Results: Results confirmed that using non-toxic concentration of epsilon toxin, resistance to cancerous cell decreased significantly, which could be an important result in cancer therapy. The synergistic effect of MTX and epsilon toxin showed that bio toxins can be used as supplement with chemical drugs and increase the effect of chemotherapy. The results illustrated that application of PLGA as drug delivery system due to its controlled release properties was beneficial.
Conclusion: These finding proposed that due to the ease of local accessibility of lung tumors with aerosol drug delivery, biotoxins can directly be used with chemotherapy drugs in aerosol form.

 > Abstract in Chinese 

ε-毒素联合甲氨蝶呤对于不同肿瘤细胞株的协同效应影响的研究
背景:此研究的目的是在化疗药物中植入一种药物缓释剂类的细菌毒素以克服(肿瘤细胞的)耐药性。上皮样的COR-L105和MDA-MB 231在本研究中被使用。细胞杀伤试验以3-(4,5-二甲基-2-噻唑基)-2,5-二苯基-2H-四唑溴化物(MTT)作为新陈代谢指示剂。此毒素需要达到50%细胞死亡率(CT50)以及50%抑制细胞生长值(IC50),以确保甲氨蝶呤必须达到540nm的光密度。用无水技术事先准备好负载了ε-毒素的PLGA纳米粒。这些纳米粒的表观形态、离体药物释放,以及包封率都是稳定的。
结果:研究证实在使用非毒性浓度的ε-毒素后,肿瘤细胞的耐药性显著降低,这对化疗是很重要的。甲氨蝶呤与ε-毒素的协同效应提示了生物毒素可以用来作为化疗药物的补充,以增强化疗的作用。此结果说明了PLGA作为给药系统的应用,由于其长效特性对治疗是有利的。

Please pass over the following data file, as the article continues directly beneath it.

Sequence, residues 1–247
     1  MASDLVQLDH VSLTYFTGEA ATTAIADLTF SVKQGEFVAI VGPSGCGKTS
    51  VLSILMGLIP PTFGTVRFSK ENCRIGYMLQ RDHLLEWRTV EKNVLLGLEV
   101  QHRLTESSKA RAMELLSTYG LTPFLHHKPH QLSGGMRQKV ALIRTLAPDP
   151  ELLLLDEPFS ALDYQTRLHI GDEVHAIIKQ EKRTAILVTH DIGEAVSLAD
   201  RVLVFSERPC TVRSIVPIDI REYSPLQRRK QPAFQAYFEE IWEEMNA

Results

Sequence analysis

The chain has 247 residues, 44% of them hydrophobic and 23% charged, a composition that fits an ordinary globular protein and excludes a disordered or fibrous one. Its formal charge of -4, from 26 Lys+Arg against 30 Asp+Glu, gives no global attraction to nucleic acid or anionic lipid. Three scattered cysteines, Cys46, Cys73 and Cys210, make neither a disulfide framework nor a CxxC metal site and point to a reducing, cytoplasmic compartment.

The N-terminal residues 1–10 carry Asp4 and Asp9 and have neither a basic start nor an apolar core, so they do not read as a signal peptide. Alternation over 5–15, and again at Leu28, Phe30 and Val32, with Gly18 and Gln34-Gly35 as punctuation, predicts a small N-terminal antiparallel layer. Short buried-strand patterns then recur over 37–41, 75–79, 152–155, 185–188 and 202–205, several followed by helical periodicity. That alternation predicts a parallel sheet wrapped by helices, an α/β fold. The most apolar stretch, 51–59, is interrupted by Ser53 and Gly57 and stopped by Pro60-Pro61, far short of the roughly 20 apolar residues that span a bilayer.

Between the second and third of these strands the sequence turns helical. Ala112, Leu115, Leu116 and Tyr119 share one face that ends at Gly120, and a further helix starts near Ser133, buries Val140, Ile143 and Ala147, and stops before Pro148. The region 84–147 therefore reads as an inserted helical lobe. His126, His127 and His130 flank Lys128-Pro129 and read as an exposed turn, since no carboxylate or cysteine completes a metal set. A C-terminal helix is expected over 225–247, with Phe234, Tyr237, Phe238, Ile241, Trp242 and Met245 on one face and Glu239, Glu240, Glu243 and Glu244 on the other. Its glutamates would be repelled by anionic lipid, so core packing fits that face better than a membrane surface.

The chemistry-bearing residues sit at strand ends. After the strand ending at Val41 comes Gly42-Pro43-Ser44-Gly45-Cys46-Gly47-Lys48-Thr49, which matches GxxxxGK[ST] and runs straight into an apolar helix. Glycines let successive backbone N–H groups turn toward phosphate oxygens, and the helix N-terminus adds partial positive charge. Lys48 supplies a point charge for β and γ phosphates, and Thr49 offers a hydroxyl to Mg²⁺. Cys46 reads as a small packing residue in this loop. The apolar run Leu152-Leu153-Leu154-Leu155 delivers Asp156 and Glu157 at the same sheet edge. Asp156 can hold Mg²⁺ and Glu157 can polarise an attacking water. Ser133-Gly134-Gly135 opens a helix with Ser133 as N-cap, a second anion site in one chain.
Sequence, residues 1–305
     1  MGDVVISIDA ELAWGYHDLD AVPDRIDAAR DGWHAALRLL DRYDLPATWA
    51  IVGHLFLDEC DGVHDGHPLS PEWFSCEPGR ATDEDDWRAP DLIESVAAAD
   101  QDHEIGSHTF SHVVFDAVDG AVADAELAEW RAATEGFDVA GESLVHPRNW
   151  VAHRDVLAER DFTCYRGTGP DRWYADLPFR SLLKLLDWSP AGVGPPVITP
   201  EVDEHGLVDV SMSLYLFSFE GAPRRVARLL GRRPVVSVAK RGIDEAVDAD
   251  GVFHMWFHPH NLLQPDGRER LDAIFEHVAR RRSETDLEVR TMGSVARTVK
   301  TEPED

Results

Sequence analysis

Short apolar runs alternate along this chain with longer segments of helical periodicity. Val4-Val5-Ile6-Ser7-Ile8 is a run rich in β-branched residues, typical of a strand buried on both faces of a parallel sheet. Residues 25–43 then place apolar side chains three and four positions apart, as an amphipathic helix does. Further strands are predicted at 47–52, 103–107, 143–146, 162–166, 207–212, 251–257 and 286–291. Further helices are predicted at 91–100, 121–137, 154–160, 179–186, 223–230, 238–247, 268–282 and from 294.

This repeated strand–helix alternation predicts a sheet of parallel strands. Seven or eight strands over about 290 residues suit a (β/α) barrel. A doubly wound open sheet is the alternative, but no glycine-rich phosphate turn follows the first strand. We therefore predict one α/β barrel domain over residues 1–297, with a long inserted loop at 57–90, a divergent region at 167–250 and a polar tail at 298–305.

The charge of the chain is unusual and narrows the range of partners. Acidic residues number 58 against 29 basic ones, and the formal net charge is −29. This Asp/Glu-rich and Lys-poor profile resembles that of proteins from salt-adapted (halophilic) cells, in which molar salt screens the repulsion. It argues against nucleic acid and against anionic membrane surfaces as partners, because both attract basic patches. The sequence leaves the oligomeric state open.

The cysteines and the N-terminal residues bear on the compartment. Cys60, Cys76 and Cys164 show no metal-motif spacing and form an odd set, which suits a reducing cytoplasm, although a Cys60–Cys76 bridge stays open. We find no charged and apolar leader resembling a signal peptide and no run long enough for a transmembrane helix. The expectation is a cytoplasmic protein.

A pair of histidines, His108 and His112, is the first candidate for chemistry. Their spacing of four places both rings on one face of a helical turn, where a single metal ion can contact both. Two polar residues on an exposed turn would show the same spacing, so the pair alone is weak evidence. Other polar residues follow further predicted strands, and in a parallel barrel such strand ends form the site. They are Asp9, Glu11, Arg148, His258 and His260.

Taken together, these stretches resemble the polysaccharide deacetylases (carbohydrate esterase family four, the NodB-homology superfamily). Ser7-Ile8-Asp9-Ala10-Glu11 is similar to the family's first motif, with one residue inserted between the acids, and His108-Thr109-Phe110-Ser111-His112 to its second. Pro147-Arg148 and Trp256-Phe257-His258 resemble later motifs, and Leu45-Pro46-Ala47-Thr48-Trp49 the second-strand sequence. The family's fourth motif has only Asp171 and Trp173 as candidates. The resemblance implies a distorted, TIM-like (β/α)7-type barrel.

结论:这些研究结果建议,基于肺癌使用气雾给药方式的局部可达性的便利,生物毒素可以和化疗药一起直接以气雾剂形式应用。
关键词:ε-毒素,甲氨蝶呤,纳米粒,聚乳酸-乙醇酸,增效


Keywords: Epsilon toxin, methotrexate, nanoparticle, Poly Lactic-co-Glycolic Acid, synergistic


How to cite this article:
Shekarsaraei AG, Hasannia S, Pirooznia N, Ataiee F. The investigation of epsilon toxin effects on different cancerous cell lines and its synergism effect with methotrexate. J Can Res Ther 2014;10:15-20

How to cite this URL:
Shekarsaraei AG, Hasannia S, Pirooznia N, Ataiee F. The investigation of epsilon toxin effects on different cancerous cell lines and its synergism effect with methotrexate. J Can Res Ther [serial online] 2014 [cited 2019 Sep 20];10:15-20. Available from: http://www.cancerjournal.net/text.asp?2014/10/1/15/131338